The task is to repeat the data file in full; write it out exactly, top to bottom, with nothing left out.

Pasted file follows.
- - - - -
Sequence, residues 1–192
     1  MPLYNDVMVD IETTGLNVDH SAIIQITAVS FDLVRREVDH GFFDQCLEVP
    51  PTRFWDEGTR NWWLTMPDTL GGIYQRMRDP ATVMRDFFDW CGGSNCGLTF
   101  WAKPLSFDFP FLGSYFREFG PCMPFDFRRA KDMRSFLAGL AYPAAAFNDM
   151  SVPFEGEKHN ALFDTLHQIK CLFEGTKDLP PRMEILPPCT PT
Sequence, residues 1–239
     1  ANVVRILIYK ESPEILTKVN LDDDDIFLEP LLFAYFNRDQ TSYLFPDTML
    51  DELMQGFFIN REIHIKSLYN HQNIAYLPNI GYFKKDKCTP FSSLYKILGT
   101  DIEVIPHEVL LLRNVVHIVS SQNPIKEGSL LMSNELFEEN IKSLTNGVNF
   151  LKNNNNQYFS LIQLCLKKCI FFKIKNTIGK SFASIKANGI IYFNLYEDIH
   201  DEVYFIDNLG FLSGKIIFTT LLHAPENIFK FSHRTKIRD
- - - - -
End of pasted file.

Sequence, residues 1–192
     1  MPLYNDVMVD IETTGLNVDH SAIIQITAVS FDLVRREVDH GFFDQCLEVP
    51  PTRFWDEGTR NWWLTMPDTL GGIYQRMRDP ATVMRDFFDW CGGSNCGLTF
   101  WAKPLSFDFP FLGSYFREFG PCMPFDFRRA KDMRSFLAGL AYPAAAFNDM
   151  SVPFEGEKHN ALFDTLHQIK CLFEGTKDLP PRMEILPPCT PT
Sequence, residues 1–239
     1  ANVVRILIYK ESPEILTKVN LDDDDIFLEP LLFAYFNRDQ TSYLFPDTML
    51  DELMQGFFIN REIHIKSLYN HQNIAYLPNI GYFKKDKCTP FSSLYKILGT
   101  DIEVIPHEVL LLRNVVHIVS SQNPIKEGSL LMSNELFEEN IKSLTNGVNF
   151  LKNNNNQYFS LIQLCLKKCI FFKIKNTIGK SFASIKANGI IYFNLYEDIH
   201  DEVYFIDNLG FLSGKIIFTT LLHAPENIFK FSHRTKIRD